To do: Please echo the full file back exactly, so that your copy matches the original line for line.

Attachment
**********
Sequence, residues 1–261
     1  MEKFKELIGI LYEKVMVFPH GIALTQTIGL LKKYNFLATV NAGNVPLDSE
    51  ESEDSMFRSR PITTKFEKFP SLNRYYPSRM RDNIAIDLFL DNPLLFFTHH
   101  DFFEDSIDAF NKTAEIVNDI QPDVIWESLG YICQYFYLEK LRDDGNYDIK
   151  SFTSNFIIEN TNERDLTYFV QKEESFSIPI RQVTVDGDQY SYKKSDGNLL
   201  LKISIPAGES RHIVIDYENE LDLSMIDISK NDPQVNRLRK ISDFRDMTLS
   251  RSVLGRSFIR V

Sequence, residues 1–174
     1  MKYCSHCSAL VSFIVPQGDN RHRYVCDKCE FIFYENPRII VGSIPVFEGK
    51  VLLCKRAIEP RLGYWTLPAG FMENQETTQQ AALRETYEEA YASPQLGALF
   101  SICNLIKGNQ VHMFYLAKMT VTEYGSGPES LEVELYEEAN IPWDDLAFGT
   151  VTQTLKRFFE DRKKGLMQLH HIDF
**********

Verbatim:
Sequence, residues 1–261
     1  MEKFKELIGI LYEKVMVFPH GIALTQTIGL LKKYNFLATV NAGNVPLDSE
    51  ESEDSMFRSR PITTKFEKFP SLNRYYPSRM RDNIAIDLFL DNPLLFFTHH
   101  DFFEDSIDAF NKTAEIVNDI QPDVIWESLG YICQYFYLEK LRDDGNYDIK
   151  SFTSNFIIEN TNERDLTYFV QKEESFSIPI RQVTVDGDQY SYKKSDGNLL
   201  LKISIPAGES RHIVIDYENE LDLSMIDISK NDPQVNRLRK ISDFRDMTLS
   251  RSVLGRSFIR V

Sequence, residues 1–174
     1  MKYCSHCSAL VSFIVPQGDN RHRYVCDKCE FIFYENPRII VGSIPVFEGK
    51  VLLCKRAIEP RLGYWTLPAG FMENQETTQQ AALRETYEEA YASPQLGALF
   101  SICNLIKGNQ VHMFYLAKMT VTEYGSGPES LEVELYEEAN IPWDDLAFGT
   151  VTQTLKRFFE DRKKGLMQLH HIDF